What about atheists who blow themselves up for an ideology? Aren’t they trully giving up their life for some higher (in their opinion) cause? No. They are giving their biological existence for something that in their mind replaced their life. Their life is their ideology, not what we call life. Therefore, they are not sacrificing something. A sacrifice can be only of something you really value, losing which is a real tragedy for you. Then it is a sacrifice.

What Avraham was sacrificing was infinitely valuable for him. Yitzchok was not only his son, given to him by G-d miraculously, but also his future, his cause, his whole life, his only promise that his life would not be a mere existence, but a life, with a reason and a purpose, having its effect in infinity. That was taken away from him for no reason, with no promise of receiving something back, by G-d whom Avraham knew as merciful (as we find out at the beginning of the parshah, Avraham argued that merciful G-d cannot kill inhabitants of Sodom if there was only one righteous person amongst them). Furthermore, it was absolutely against Avraham’s character, because his nature was that of love and kindness.

And he was ready to do it, because he recognized who G-d is: that G-d is beyond any definition, and our realization of G-d’s boundless and limitless Essence must be above any definition we have of G-d, of this world, and of our lives.

4. Should somebody today follow in Avraham’s footsteps? No, because G-d Himself promised He would not violate His Law, the Torah, and in Torah it is forbidden to sacrifice children. Just like G-d is unlikely to call pig kosher or square a triangle, He will never call child sacrifice permitted. What a lot of people overlook, furthermore, is that G-d never permitted child sacrifice in human history. He simply asked Avraham to be ready to sacrifice his child (and act Avraham would have not indication to be immoral), and then did not permit it happening!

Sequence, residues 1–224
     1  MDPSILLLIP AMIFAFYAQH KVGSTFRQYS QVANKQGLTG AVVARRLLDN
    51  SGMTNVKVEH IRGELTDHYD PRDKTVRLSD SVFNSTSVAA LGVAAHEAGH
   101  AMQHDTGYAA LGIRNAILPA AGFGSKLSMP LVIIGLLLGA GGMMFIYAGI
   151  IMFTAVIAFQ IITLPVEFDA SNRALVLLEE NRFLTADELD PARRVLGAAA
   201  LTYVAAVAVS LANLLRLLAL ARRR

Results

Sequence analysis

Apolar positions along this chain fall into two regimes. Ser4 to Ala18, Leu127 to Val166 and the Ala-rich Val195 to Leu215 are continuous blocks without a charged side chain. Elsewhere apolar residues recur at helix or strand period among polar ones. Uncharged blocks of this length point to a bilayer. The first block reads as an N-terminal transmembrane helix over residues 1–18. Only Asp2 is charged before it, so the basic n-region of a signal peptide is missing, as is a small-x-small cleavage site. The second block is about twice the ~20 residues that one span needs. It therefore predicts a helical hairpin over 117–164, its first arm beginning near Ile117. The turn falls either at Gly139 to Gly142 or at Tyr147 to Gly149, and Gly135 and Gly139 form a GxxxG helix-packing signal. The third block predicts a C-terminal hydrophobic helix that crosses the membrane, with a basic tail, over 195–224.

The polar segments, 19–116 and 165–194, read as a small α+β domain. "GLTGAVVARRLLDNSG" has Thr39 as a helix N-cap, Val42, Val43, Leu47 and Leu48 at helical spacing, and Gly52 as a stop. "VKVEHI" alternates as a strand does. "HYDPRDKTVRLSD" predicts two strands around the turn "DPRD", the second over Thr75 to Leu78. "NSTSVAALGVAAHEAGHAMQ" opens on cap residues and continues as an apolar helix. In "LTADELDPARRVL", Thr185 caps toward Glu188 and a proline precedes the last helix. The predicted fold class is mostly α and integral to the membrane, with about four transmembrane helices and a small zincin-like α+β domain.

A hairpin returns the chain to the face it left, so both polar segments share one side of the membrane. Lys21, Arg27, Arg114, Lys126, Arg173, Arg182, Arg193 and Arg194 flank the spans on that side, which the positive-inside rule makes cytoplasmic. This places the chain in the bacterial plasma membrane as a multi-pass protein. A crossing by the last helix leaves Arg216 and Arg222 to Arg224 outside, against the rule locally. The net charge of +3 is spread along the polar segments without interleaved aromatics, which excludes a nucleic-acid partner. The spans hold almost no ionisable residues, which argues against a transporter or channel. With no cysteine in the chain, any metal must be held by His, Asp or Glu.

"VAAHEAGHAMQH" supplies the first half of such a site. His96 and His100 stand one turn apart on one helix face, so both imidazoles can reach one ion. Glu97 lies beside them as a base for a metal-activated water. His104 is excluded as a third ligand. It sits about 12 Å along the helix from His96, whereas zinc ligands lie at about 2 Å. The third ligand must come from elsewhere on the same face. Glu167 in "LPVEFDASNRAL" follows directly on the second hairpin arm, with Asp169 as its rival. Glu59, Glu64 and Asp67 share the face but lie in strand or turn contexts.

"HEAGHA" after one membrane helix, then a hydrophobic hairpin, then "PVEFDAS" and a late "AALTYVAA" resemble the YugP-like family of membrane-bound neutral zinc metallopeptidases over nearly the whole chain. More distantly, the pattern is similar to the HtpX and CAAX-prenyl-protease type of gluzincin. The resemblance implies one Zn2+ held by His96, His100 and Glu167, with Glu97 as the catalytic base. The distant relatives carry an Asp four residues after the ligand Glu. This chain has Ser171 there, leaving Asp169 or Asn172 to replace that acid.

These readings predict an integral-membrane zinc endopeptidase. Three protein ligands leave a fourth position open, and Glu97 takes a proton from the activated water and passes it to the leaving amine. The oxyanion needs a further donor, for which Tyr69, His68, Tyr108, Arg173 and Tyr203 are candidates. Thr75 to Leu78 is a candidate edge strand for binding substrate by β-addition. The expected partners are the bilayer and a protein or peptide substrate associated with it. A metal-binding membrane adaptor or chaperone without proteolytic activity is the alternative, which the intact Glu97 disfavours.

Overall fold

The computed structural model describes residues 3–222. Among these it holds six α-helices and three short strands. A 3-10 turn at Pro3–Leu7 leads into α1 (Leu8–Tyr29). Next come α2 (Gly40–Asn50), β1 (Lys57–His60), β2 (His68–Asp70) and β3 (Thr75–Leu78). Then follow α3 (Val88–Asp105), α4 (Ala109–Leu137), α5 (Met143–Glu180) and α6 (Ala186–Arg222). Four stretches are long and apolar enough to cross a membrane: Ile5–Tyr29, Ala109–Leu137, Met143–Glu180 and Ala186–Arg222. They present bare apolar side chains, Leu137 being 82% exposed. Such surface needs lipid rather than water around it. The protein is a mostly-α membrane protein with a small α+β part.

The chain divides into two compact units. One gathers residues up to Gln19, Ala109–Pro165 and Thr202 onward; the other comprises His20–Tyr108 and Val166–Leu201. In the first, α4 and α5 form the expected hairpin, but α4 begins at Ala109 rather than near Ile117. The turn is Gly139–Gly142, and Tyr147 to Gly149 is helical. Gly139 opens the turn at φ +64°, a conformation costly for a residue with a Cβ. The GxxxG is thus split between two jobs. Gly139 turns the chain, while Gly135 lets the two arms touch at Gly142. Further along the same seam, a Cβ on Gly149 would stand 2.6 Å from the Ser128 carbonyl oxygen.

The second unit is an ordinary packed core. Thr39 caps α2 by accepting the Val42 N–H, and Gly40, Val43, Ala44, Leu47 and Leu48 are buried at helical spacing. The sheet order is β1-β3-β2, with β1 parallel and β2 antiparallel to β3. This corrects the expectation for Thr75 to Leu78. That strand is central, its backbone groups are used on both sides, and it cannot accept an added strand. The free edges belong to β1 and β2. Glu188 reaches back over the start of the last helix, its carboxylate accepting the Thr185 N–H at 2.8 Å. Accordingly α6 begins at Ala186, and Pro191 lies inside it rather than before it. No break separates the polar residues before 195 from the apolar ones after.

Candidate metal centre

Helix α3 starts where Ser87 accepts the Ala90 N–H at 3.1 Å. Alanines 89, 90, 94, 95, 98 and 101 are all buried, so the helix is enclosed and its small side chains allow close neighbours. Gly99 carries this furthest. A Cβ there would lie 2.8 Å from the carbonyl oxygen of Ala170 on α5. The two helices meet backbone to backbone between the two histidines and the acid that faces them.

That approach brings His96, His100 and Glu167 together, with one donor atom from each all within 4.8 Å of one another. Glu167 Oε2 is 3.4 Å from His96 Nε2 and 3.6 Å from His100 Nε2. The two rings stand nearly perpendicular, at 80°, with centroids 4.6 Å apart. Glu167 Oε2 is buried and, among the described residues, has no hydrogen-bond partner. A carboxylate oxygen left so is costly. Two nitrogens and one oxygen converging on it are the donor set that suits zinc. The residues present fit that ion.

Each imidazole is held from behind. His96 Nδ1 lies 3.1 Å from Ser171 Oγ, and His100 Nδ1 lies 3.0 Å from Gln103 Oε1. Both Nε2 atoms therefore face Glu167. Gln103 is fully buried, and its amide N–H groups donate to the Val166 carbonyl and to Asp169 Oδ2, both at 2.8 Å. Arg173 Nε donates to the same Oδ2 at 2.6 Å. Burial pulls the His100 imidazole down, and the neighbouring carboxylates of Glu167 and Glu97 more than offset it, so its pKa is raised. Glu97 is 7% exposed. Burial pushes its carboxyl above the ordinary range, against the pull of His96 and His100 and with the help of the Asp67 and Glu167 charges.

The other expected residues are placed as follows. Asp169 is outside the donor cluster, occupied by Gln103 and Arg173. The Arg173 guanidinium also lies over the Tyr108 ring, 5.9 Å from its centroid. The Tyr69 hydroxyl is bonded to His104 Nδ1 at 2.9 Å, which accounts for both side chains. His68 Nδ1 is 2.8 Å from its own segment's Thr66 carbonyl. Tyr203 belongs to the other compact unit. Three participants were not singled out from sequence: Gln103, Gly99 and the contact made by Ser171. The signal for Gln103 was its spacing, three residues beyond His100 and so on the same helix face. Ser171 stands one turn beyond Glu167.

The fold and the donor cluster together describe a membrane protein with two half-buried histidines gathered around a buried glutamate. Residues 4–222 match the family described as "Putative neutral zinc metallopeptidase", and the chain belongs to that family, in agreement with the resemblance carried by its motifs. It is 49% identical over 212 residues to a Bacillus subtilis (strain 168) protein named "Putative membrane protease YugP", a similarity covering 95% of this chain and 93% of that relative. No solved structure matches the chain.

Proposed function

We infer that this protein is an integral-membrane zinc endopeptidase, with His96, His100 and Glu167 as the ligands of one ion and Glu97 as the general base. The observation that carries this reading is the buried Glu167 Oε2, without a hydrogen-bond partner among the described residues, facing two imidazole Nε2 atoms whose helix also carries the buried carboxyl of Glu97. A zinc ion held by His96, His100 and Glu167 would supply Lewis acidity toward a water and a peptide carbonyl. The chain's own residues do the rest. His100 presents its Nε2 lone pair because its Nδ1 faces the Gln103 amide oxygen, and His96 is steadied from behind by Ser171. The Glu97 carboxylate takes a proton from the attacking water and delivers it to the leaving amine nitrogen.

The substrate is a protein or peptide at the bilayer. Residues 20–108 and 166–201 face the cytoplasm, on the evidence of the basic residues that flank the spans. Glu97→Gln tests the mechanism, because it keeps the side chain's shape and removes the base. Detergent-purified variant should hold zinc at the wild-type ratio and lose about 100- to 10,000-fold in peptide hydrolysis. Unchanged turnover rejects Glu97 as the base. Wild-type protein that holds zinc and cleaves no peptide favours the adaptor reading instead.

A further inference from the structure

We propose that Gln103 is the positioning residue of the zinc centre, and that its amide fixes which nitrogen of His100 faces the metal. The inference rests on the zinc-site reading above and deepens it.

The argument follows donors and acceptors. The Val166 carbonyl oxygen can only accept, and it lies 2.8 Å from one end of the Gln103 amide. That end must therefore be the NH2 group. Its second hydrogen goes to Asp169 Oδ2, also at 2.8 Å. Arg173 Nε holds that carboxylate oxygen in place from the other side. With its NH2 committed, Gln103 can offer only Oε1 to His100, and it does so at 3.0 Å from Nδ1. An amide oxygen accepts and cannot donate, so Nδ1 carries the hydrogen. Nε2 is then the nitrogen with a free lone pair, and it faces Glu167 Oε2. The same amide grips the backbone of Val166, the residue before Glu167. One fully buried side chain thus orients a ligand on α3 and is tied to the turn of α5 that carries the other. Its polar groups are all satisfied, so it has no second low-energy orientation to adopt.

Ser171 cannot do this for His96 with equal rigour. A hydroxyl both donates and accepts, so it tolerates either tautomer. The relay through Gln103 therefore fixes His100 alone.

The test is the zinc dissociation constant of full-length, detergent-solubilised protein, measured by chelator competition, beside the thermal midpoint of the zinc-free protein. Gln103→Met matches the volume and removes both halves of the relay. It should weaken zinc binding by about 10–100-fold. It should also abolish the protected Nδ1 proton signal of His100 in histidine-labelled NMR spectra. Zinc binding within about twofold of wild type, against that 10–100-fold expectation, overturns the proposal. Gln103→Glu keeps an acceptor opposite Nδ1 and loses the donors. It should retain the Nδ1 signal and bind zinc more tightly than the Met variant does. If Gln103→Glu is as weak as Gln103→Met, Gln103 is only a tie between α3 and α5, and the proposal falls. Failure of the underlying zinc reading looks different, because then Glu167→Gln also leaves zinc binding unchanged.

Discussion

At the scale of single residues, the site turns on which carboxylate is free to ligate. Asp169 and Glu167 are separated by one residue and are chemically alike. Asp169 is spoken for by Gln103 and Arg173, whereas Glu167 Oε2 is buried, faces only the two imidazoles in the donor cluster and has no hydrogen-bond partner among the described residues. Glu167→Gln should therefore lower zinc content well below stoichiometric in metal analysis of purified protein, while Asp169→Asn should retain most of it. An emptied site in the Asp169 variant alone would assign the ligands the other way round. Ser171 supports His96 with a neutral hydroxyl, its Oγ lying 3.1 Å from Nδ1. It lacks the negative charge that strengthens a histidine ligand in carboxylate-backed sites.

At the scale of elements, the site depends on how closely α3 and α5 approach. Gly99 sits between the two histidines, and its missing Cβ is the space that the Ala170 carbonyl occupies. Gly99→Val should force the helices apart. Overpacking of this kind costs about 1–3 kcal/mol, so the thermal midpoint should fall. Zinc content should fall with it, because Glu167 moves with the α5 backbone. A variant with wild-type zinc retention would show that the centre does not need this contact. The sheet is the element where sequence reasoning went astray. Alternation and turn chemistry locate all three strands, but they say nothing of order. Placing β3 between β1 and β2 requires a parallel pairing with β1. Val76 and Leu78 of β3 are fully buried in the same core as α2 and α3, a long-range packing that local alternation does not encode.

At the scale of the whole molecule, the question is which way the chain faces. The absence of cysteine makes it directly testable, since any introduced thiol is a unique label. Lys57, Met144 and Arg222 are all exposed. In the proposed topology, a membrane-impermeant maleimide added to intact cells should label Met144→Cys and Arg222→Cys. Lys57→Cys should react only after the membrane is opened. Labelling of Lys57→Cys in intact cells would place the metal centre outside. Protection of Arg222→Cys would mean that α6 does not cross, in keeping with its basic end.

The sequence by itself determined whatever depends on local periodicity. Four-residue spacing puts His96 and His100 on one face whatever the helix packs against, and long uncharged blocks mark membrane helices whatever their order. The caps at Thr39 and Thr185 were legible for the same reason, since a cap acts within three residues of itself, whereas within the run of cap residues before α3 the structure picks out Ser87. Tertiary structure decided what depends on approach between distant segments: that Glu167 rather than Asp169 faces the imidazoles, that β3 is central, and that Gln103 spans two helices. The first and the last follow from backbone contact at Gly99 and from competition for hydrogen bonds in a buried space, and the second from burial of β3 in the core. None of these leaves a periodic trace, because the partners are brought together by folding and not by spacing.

So, if you believe G-d is speaking to you and telling you to sacrifice your child, see a good psychiatrist. And get yourself commited before it’s too late. How did Avraham know he was not having a delusion? Just like you know that the world around yourself is real — to Avraham (and Moses), G-d’s revelation was at least as real as the world around himself, and probably more, and G-d made sure that there absolutely no doubt (if something miraculous happens in front of me right now, I will first question my own sanity; Avraham knew that was his revelation was real). At the same time, he, as all prophets, had proof of absolute clarity of his mind, full logical capacity and so on.

Finally, we must all draw a lesson from Avraham’s conduct: ability to realize with absolute clarity who G-d is. When you’re thinking of breaking Torah (either a Biblical commandment, a Rabbinic commandment, doing something not in spirit of Torah, or even just taking a more lenient path because it is easier), G-d forbid, for some physical or mental pleasure, think about the realization of who G-d is that allowed Avraham to be ready to sacrifice his own son. G-d does not and will not ask us to sacrifice our children for Him. He does ask as to sacrifice ourselves — our love of this physical world and its pleasures — by keeping Torah and realizing that there is nothing besides Him. Literally. Mamosh.

(Oh yeah, the last thing: Yitzchok was not a child. He was in his 30’s and went willingly, knowing what’s going on.)